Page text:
Arrested on May 22, 1937, he was interrogated and tortured. As a result, he “confessed” to being a German agent plotting to overthrow Stalin and seize power.

On June 11, 1937, the Soviet Supreme Court quickly sentenced Tukhachevsky for treason. Hours later, he was executed.

Among his friends had been Nikolai Sergeyvich Zhilayev. a Russian musicologist and the teacher of several 20th-century Russian composers. Knowing that he was a marked man, Zhilayev did something truly extraordinary.

He had a large portrait of Tukhachevsky in his room, and after the announcement that Tukhachevsky had been shot as a traitor to the homeland, Zhilayev did not take the picture down. If discovered, it meant instant arrest—and almost certain execution.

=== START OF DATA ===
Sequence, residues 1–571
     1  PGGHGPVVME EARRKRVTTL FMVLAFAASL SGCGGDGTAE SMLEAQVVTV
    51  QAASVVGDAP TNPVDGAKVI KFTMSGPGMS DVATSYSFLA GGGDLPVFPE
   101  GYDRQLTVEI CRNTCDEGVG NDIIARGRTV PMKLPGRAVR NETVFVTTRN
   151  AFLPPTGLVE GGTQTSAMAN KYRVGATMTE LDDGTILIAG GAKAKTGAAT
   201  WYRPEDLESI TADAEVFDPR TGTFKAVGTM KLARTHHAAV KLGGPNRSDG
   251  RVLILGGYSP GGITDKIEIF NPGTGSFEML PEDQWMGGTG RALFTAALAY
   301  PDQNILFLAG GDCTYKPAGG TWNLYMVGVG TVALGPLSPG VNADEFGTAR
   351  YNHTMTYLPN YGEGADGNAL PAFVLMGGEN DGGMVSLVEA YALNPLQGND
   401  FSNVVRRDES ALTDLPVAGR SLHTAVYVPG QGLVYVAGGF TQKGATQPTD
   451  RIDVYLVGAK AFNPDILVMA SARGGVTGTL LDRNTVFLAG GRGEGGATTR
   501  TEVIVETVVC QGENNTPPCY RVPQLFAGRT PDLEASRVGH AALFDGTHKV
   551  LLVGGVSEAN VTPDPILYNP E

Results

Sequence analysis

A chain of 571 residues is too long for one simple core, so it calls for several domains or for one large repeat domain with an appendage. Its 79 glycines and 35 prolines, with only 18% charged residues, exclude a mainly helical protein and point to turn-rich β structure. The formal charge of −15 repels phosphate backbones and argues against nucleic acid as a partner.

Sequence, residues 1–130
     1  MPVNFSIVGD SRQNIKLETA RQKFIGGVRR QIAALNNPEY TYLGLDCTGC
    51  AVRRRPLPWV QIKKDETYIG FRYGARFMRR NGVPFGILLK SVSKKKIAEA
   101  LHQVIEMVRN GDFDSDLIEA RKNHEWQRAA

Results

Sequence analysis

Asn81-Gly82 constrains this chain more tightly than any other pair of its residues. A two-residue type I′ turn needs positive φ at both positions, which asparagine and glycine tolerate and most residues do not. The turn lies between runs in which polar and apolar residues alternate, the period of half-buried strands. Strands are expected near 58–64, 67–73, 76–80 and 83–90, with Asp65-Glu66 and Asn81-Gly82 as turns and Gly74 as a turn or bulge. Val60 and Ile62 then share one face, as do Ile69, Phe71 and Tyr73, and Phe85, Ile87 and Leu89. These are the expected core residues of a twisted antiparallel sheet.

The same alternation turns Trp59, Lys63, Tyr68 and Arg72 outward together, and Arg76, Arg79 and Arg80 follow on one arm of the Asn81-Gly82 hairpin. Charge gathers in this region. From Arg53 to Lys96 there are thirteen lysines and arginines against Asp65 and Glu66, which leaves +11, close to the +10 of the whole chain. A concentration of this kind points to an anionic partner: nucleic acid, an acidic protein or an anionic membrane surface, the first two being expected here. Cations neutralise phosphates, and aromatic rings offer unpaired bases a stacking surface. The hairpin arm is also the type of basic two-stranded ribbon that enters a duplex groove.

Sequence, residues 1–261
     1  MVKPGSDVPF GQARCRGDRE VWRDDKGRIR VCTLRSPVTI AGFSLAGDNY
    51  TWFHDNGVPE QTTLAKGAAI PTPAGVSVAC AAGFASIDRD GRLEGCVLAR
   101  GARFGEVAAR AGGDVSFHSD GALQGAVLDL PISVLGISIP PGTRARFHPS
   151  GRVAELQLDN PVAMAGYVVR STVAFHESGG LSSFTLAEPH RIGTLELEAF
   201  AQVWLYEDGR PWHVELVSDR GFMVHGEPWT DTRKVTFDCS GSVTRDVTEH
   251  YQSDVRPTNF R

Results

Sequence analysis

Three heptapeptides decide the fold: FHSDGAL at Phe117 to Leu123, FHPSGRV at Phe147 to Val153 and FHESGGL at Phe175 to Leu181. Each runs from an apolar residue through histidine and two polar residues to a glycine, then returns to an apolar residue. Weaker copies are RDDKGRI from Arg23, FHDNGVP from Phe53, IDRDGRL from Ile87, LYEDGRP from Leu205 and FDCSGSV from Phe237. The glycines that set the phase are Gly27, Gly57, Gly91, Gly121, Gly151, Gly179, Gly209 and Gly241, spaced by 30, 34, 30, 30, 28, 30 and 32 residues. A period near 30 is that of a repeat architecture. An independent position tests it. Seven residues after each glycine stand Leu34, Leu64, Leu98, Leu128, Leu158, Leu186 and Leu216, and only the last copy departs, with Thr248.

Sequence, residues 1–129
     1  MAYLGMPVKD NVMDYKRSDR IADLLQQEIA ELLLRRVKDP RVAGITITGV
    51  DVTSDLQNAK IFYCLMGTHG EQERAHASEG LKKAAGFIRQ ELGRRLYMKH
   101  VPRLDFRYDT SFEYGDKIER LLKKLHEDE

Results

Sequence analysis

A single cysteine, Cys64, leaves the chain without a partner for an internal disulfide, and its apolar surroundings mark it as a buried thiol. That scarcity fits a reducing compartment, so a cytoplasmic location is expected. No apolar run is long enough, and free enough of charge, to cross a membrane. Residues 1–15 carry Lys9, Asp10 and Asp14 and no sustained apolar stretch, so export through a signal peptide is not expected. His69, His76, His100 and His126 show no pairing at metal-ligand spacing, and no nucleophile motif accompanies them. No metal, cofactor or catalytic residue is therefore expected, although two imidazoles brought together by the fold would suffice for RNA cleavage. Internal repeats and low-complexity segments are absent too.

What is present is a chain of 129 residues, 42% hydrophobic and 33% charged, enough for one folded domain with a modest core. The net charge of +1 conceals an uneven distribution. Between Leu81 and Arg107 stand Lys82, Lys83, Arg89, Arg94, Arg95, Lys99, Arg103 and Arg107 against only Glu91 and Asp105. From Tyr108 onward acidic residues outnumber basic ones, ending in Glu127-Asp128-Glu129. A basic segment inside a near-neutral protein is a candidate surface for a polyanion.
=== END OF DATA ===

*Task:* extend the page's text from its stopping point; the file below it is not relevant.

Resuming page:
When the secret police came for him, even they were awed: ”“What, it’s still up?”

“The time will come,” Zhilayev replied, “when they’ll erect a monument to him.”

As, in fact, has happened. 

Standing before a Russian judge, accused of vandalism for participating in a demonstration against Putin’s suppression of human rights, 19-year-old Olga Misik dared to speak truths most Russians fear to even whisper. 

I Was Never Afraid': In The Face Of Criminal Charges, Russian Teen Protester Stands Defiant

Olga Misik

From her statement to the court on May 11, 2021:

The prosecution is putting all its efforts into proving that I am implicated in the incident. I’m not going to spend much time showing that they can’t even do that professionally: They are using falsified fingerprint analysis, and, as you saw when you were examining the evidence, there was no trace of paint on my clothes….